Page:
How To Choose A Paddle For Your SUP

How To Choose A Paddle For Your SUP


You can have the best board out there, but without a good paddle you can actually make your life much harder.

To find the correct SUP paddle for you, consider these points: 

  • Length 
  • Materials
  • Blade Size
  • Blade Shape and Offset

    A paddle too long will be tough to use, but one that’s too short will require you to put yourself in awkward and uncomfortable positions. 

    E.G. For touring: 

    Step 1: Stand the paddle upright with the blade touching the ground 

    Step 2: Reach one of your arms up vertically and note where it lands on the paddle 

    Step 3: The correct sized paddle will mean that the T-grip handle will fall in the bend of your wrist (if you are able to adjust the paddle, adjust to this height) 

    Step 4: If ordering online, add 8 to 12 inches to your height and then choose the paddle of this length

    NOTE: for other activities such as surfing/ racing you will require a different length of paddle. SUP racers typically choose a paddle which is slightly longer than the touring length, whilst SUP surfers choose paddles  which are slightly shorter. 


    The materials used for the paddle will determine its weight and stiffness. When determining which material you would like your paddle to be made from consider these factors: 

    • Do I need a light paddle? For long tours or racing, yes. If only for occasional outings, then not really. 
    • Do I want a stiff paddle? Stiff paddles can place tensions on your muscles and joints so if you have any previous wrist, arm or shoulder injuries you may want to choose a paddle with some flexibility
    • How much do I want to spend? Lightweight materials such as carbon fibre, are more expensive than heavier ones such as plastic and aluminum.

    Here are the most common materials used for paddles:

    Carbon fibre - This is the lightest and most stiff material, which often means it is the most expensive option. However, it is worth the money if you’re a frequent long-distance paddler due to the excellent power delivered from your muscles to the blade.

    Fiberglass - Another excellent lightweight choice. This material is used for the shaft and/or blade. Fiberglass is still stiff but less so than carbon fibre, making it more affordable. 

    Plastic - Used for entry-level paddles, plastic is affordable and durable and is almost always paired with an aluminium shaft.

    Aluminium - This is often used in the shaft of SUP paddles, as it is affordable and lightweight. However, it is not as light or stiff as carbon fibre or fiberglass. An aluminium shaft is often paired with a plastic blade, which makes it great for beginners.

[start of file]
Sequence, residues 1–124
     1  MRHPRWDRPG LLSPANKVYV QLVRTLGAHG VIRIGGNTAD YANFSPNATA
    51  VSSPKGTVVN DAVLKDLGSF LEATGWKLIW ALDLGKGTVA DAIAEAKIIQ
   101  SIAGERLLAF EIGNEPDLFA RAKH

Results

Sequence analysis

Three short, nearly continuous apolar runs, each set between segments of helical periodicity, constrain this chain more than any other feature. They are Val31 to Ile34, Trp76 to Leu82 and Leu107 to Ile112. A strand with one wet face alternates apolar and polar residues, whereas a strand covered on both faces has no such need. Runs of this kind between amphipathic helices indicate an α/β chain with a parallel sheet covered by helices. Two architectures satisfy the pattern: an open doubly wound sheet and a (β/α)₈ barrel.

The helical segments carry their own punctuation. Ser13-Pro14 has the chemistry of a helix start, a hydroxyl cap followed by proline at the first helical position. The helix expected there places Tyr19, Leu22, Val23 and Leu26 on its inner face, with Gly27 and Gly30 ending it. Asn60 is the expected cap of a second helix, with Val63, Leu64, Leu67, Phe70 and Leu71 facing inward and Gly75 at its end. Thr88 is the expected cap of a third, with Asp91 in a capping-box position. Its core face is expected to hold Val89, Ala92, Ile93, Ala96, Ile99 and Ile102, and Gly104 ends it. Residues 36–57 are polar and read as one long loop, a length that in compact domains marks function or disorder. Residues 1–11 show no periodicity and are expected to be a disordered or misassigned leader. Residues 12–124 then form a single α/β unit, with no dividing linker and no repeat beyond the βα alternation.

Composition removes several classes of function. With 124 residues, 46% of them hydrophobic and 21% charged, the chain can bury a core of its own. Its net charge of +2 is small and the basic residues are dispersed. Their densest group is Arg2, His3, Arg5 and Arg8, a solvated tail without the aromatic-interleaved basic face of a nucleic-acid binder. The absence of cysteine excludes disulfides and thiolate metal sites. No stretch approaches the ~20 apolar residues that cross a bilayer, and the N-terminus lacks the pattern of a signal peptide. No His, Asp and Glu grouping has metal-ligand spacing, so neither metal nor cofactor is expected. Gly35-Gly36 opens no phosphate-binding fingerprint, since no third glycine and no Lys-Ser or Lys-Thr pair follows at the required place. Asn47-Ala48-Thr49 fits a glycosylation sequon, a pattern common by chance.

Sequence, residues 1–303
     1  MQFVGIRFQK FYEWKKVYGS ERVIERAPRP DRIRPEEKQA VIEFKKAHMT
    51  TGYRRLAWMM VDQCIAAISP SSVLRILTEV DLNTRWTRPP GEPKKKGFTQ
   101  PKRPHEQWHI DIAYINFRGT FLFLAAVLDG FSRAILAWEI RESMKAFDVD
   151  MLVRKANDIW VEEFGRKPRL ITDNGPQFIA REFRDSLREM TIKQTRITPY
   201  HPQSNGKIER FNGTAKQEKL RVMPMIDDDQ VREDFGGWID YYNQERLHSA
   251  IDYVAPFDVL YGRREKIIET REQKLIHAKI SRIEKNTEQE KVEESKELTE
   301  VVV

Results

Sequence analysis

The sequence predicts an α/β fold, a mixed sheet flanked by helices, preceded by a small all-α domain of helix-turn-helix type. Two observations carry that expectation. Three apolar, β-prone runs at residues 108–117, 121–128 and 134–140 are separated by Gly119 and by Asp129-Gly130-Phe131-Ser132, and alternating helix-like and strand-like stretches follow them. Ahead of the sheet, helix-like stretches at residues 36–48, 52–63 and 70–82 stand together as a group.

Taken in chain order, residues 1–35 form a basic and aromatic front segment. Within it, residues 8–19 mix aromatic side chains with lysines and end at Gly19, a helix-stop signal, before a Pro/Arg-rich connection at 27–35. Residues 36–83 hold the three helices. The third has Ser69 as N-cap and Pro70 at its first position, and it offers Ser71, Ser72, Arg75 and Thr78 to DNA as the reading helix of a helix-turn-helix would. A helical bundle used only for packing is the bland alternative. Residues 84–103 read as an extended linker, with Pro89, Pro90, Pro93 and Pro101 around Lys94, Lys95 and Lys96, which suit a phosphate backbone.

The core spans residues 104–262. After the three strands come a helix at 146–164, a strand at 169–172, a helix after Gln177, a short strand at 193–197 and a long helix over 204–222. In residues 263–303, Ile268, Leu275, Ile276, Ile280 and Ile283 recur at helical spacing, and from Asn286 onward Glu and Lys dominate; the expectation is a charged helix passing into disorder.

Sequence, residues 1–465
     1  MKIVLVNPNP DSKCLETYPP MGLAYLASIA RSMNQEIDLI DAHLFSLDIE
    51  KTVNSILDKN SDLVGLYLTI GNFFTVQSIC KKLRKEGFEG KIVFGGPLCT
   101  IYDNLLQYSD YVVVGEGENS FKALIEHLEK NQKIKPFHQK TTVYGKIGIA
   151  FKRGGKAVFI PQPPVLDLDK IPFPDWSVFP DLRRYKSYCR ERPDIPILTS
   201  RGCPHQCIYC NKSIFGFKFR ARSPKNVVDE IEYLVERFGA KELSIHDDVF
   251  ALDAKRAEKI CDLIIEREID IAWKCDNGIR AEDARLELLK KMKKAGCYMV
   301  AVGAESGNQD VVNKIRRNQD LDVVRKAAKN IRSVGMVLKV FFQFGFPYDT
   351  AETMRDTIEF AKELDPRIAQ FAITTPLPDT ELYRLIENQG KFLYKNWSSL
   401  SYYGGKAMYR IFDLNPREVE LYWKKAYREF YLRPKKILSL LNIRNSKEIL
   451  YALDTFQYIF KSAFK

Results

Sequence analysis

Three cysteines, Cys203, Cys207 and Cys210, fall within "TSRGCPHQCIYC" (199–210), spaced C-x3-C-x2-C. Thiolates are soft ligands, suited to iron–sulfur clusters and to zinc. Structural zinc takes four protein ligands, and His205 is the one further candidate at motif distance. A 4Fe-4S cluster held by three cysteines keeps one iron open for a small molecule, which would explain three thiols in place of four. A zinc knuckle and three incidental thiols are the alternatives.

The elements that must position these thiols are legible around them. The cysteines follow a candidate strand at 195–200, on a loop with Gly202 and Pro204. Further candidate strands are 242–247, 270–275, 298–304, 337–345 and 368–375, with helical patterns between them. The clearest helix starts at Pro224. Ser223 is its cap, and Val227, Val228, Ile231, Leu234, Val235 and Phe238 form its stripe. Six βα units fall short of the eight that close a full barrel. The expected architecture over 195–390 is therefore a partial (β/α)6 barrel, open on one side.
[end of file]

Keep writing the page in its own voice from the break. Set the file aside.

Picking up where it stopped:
Wood - Some paddles are made entirely from wood. Although beautiful, they can often be heavier and more expensive than the other materials.


    If you’re brand new to SUP, use this guideline: The larger you are, the larger your blade can be. This is down to the fact that bigger paddlers typically have the strength to pull a larger blade through the water.

    However blade size is largely based on preference and you may find the more you use your SUP you develop preferences for different sizes.


    As you can imagine, the shape of your blade affects how it moves through the water. The 2 main shapes are: 

    Tear-drop: This shape has its widest point at the bottom, meaning that as soon as the blade is in the water, you are immediately pushing water with the majority of the blade's surface area. Therefore a powerful stroke, which is preferred by SUP surfers. 

    Rectangular: These blades are narrower at the bottom compared to a tear-drop blade, resulting in a smaller surface area when the blade hits the water. This creates a more gentle stroke and can be easier on your muscles / joints. 

    Now we look at the offset of the blade. 

    The offset of the paddle is the degree to which the blade angles itself forward from the shaft. The size of this angle affects how vertical the blade will be when travelling through the water, which affects the amount of power needed for every stroke. 

    Below are some general offset recommendations:

    SUP Racing - approx. 12 degrees

    Mixed Use - approx. 10 degrees

    SUP Surfing - approx. 7 degrees

    We hope this has helped you determine the type of paddle you will need for your SUP,  but if you still feel like you need more help, please contact us at or visit our social media pages and reach out to us!
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